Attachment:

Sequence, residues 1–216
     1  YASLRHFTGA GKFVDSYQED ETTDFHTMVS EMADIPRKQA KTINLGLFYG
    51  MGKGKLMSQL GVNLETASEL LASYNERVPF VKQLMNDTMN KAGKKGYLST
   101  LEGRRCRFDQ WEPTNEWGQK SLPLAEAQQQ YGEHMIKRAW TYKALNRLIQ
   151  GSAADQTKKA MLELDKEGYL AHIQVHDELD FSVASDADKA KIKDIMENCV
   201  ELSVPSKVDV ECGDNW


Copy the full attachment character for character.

Sequence, residues 1–216
     1  YASLRHFTGA GKFVDSYQED ETTDFHTMVS EMADIPRKQA KTINLGLFYG
    51  MGKGKLMSQL GVNLETASEL LASYNERVPF VKQLMNDTMN KAGKKGYLST
   101  LEGRRCRFDQ WEPTNEWGQK SLPLAEAQQQ YGEHMIKRAW TYKALNRLIQ
   151  GSAADQTKKA MLELDKEGYL AHIQVHDELD FSVASDADKA KIKDIMENCV
   201  ELSVPSKVDV ECGDNW